Online Education Systems Need to be Strengthened
By Kavindu Hansaka Bandara
Even though many public and private education institutes are providing online learning facilities for students in the wake of COVID-19, they considered it merely as an option, not as a new aspect of learning. This was well evident when traditional learning methods came back almost instantly after the islandwide curfew was lifted and the country opened up after the first wave of COVID-19.
Now again, with more and more infected patients getting detected and the spread of the virus rapidly making its way among our communities, the work of many institutions, including that of educational institutions, has come to a standstill.
Thus, it seems like, if we had looked at online education as a learning tool, a second wave of COVID-19 and lockdown would merely be words. Unfortunately though that is not the case, these nationwide closures of education institutions are, of course, impacting thousands of students as it is an option that only some students can opt to take and an option most institutions were looking at as a temporary fix. So, we as a country are having to readapt online education from the beginning.
Several other countries have implemented their own systems to ensure that educational programmes are uninterrupted for students. In Sri Lanka, as the second wave hits, we have to close schools, universities and some higher educational institutions indefinitely, but we as a country, cannot afford to not move our lessons to a digital space, as this will hamper with not only the individual progress of each student but as a country too. Like we all know, education is the foundation of a country’s development.
With this sudden shift away from the classroom in many parts of the globe, some are somewhat in doubt as to whether the adoption of online learning would continue to persist post-pandemic, and how such a shift would impact global education systems.
This is not an easy task for a country like Sri Lanka. According to researchers, only 22.2 per cent of Sri Lankans have their own laptops, tabs, or desktop computers, and the computer literacy rate in Sri Lanka stands at 30.1 per cent whilst only about 29 per cent of the population of the ages five to 69 years used the internet at least once during the year 2019.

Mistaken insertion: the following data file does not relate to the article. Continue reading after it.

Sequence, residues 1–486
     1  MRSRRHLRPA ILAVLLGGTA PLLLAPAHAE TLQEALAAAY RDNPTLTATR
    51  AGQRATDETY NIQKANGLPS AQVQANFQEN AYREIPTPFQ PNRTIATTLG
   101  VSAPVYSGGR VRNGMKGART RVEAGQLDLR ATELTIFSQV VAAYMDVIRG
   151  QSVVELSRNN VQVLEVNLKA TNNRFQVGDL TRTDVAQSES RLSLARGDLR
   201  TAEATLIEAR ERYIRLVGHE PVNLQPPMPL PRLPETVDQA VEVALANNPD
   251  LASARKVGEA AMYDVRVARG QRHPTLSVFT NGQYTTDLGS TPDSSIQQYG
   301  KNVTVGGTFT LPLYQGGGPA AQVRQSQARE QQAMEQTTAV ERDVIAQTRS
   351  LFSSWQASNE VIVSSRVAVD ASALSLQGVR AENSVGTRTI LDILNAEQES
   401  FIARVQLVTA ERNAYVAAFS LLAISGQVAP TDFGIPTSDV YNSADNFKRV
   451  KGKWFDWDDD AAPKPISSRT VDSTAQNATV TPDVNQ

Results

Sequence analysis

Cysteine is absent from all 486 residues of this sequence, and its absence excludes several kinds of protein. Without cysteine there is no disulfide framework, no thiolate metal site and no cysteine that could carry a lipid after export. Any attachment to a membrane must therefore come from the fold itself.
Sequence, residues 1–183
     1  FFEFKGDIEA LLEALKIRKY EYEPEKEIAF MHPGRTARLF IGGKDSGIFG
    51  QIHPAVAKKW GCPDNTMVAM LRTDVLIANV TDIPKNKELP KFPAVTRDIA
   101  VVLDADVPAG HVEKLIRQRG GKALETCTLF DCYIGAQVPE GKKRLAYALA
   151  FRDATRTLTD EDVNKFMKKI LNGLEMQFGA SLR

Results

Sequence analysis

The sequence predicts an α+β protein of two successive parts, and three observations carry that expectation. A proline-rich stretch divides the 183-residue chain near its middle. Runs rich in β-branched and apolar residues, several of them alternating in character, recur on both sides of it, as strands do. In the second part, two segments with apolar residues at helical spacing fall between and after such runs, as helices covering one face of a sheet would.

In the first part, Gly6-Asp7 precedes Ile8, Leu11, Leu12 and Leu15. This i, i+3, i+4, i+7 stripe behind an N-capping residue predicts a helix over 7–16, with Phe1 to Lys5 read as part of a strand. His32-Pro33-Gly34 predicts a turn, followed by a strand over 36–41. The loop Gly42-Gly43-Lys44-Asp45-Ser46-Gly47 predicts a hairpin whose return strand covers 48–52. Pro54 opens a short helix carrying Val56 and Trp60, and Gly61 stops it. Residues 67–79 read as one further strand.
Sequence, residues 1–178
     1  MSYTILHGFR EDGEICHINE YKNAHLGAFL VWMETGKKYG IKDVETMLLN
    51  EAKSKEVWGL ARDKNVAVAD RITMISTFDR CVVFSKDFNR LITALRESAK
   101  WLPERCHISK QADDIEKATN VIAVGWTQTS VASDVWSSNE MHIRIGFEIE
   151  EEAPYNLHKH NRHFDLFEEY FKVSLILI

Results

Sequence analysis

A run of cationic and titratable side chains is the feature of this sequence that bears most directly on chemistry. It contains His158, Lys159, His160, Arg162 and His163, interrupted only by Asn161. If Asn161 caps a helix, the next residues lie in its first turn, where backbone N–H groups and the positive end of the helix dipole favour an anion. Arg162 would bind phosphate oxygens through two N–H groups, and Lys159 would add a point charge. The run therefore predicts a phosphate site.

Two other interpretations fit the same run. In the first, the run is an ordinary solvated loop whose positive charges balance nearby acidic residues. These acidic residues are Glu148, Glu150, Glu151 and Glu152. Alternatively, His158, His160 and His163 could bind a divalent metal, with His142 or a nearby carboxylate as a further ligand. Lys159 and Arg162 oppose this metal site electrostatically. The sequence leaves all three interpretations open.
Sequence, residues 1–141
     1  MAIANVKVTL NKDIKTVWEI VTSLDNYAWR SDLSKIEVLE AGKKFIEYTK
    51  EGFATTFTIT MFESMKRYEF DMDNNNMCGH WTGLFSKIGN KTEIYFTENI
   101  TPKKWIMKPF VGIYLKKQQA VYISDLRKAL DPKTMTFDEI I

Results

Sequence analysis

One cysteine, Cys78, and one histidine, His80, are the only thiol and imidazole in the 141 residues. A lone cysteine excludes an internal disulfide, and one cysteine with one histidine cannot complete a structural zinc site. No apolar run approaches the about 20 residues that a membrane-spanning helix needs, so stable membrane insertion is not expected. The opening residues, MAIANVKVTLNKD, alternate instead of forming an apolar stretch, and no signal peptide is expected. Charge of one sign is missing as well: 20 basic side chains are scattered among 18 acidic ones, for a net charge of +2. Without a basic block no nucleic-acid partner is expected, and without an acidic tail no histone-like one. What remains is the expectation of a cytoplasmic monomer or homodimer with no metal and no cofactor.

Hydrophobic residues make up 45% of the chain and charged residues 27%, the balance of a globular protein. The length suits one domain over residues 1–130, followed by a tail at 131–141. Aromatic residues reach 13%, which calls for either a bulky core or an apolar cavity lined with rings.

Taking into account the cost of data, it is simply not financially feasible for the average Sri Lankan parent to pay for the cost of streaming, which would run to several hundred rupees per day and over Rs. 5,000 per month per student. In addition, many families have two, three, or even more children who are studying and to spend for all of them to learn online, would not, by any means, be an easy task.
Since over 1.2 billion students are out of the classrooms at present, this is the best time for Sri Lankan traditional class rooms to engage with online education. It will not be an easy task to be dealt with. We, however, have taken the first step forward. If we can continue this strongly, intake for Government Universities can be extended by at least 75 per cent because the issues such as lack of space and hospitality cost can be totally solved by going online.
It is also vital that both the teachers and students be provided proper training in distance education. If the Government and other authorities concerned pay attention and necessary arrangements to this, it will be of great importance in bringing the Sri Lankan traditional education system to another era.
Given the uncertain state of the world, where numbers of infections continue to rise rather than fall, it is difficult to predict whether a return to normalcy would occur within the next several months. Some nations that have attempted to reopen prematurely have seen infection rates spike. It is, therefore, important that relevant academics, policymakers, institutions and all officials in position of decision making, consider how best we can strengthen the flawed education system through a multi-pronged approach.
(The writer is a final year student of the Faculty of Communication and Business Studies, Eastern University of Sri Lanka-Trincomalee campus)